For Canada, it comes down to a simple question: Is it preferable to have cheap steel and a potential trade dependency on China, or more expensive steel without any significant dependency on a single country? Ultimately, the latter is the better option. And if Canada no longer trusts the U.S. as a trade partner and wants to be self-sufficient when it comes to steel, it could achieve that as well: Canada can produce enough steel to meet its domestic demand, though this would require investing in the production of stainless steel, for which Canada currently relies on imports. But self-sufficiency is likely a bridge too far – especially for the present government, which has vehemently supported free trade. Tariffs on Chinese steel can be far more easily justified to Trudeau’s base than broader tariffs that would target a variety of countries. Most important, Canada is better served strategically by staying close to the United States. Given the choice then – and on steel imports, it looks like Canada is, for once, in the driver’s seat – we expect Canada to try to restrict Chinese steel imports while encouraging imports either from the U.S. or other countries with which it has closer ties.

 US Political Center Is Being Devoured From Both Right And Left 

President Trump will soon nominate his second Supreme Court justice. The first, Neil Gorsuch, has so perfectly replaced the late Antonin Scalia that it’s safe to assume retiring justice Anthony Kennedy’s successor will be in the same mold – which is to say formidable and unapologetically conservative. The result will be a solid conservative majority that’s more definite and less flexible on the issues where Kennedy was a swing vote.
And that’s if Notorious RBG manages to hang on through the Trump era. If she goes (and at 85 she’s likely to go soon one way or another) Trump will be one of those extremely rare presidents who gets to name THREE justices, thus extending his influence from four years to an entire generation.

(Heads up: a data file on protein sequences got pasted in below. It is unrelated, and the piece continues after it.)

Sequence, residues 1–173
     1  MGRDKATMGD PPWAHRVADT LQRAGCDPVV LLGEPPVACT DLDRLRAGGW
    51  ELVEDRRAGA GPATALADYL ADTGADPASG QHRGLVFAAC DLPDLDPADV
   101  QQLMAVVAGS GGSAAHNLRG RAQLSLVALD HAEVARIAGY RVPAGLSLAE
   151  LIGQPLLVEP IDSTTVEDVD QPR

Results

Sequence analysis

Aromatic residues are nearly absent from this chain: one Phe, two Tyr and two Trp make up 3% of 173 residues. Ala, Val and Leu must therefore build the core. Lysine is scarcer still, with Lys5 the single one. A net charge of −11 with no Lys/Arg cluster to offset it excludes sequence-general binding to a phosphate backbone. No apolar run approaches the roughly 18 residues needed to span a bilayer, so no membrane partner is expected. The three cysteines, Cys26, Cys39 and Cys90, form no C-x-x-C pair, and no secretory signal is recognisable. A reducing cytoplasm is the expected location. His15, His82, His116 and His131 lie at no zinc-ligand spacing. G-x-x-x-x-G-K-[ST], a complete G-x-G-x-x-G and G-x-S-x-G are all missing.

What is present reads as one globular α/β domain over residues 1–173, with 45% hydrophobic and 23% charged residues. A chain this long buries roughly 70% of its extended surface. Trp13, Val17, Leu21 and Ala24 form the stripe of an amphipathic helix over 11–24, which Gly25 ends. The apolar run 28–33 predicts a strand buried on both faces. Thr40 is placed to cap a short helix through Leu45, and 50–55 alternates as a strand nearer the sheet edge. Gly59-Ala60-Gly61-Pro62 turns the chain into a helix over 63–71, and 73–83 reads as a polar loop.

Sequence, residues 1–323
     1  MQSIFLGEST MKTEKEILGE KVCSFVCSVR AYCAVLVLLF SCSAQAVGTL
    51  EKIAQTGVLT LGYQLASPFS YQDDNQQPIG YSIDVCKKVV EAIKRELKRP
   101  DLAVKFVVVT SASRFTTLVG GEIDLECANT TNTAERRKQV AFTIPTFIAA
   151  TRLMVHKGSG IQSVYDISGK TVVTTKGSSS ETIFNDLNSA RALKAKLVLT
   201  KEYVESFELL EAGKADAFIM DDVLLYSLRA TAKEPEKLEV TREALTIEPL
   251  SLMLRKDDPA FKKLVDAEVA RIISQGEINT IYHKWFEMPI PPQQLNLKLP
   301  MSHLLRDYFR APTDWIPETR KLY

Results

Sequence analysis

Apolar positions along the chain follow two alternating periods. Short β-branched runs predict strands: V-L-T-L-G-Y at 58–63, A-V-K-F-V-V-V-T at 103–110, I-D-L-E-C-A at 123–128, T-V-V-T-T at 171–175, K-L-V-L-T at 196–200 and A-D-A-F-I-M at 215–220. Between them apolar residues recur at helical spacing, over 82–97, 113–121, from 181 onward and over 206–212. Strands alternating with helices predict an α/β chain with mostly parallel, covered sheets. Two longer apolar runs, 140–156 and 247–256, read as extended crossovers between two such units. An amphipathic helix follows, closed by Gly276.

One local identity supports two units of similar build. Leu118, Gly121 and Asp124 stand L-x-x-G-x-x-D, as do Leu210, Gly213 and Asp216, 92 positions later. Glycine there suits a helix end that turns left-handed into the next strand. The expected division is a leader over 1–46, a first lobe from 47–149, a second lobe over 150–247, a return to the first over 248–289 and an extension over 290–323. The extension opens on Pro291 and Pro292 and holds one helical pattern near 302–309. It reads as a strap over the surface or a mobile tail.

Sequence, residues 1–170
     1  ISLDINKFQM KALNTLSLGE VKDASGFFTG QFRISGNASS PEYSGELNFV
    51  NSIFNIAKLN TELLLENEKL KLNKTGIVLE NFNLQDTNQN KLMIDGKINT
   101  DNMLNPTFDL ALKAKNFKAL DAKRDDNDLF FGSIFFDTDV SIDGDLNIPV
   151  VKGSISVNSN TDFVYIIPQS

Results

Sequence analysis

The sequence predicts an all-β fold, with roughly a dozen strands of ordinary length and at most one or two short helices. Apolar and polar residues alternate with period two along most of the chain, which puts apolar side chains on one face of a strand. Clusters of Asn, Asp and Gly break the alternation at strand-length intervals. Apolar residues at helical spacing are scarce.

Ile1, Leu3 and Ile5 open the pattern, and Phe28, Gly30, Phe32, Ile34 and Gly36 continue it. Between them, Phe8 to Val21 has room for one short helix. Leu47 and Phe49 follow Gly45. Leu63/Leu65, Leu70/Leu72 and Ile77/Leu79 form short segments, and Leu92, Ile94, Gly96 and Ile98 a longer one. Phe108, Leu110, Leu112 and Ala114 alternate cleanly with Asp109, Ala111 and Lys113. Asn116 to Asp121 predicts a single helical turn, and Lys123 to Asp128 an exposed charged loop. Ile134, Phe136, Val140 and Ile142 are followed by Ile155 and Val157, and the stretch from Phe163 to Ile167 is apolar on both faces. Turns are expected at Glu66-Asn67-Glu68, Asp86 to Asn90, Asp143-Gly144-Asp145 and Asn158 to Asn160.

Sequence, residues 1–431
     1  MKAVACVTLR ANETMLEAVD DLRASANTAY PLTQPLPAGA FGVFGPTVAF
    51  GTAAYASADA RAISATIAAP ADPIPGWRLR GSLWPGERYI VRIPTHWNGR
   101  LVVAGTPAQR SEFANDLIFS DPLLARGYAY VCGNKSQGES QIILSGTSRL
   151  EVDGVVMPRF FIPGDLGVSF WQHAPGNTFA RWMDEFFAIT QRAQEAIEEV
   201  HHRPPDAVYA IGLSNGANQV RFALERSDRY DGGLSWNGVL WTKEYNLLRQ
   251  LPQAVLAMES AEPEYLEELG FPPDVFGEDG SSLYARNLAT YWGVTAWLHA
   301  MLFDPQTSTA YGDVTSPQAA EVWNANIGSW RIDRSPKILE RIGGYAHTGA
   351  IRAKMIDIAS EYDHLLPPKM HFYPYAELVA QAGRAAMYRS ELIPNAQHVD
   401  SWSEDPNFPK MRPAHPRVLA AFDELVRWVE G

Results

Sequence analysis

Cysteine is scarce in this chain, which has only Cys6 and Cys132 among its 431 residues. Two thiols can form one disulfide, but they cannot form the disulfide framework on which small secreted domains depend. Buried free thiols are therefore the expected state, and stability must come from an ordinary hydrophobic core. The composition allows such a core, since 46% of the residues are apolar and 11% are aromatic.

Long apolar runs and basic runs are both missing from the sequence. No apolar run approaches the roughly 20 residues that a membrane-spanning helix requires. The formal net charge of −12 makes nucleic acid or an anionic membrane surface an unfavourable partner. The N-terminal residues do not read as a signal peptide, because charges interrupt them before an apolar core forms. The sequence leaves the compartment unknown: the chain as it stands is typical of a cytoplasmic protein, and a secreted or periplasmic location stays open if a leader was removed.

Among the possible results of such a conservative judicial super-majority are the reversal of rulings that made abortion and gay marriage the laws of the land, making both state-level issues once again, where they’ll further polarize already-divided electorates.

Meanwhile, the Democrats are lurching waaayyy left. The implosion of the moderate Clinton wing of the party began during the past presidential election, when huge parts of the left openly supported socialist Bernie Sanders. This group now sees Elizabeth Warren – Bernie Sanders with a penchant for verbal street fighting – as the ideal candidate next time around. And despite a fairly consequential set of primary elections last Tuesday, pretty much all anyone is talking about is Alexandria Ocasio-Cortez, a latina “democratic socialist” who unseated a previously entrenched moderate incumbent and is now a lock to win a Bronx congressional seat in November – on a Sanders-esque platform of free everything for everyone and wide-open borders.
Each side is, as a result, finding it really easy to dehumanize the other. After Trump’s press secretary and family are evicted from a restaurant because the owner opposes Trump’s immigration policy, Democrat Senator Maxine Waters encourages liberals to make this a pattern by confronting White House officials in public whenever possible. Waters then gets death threats and responds “If you shoot at me, you better shoot straight.”

But wait, there’s more. This past Saturday:
More than 500 arrested as women rally in D.C. to protest Trump’s immigration policy
They came from all over, took planes and buses from 47 states, slept at friends’ homes or in churches and prepared to be arrested Thursday in Washington, D.C. Most of the participants were white women, stumbling over the syllables of Spanish-language chants. Many had never faced arrest before. But here they were.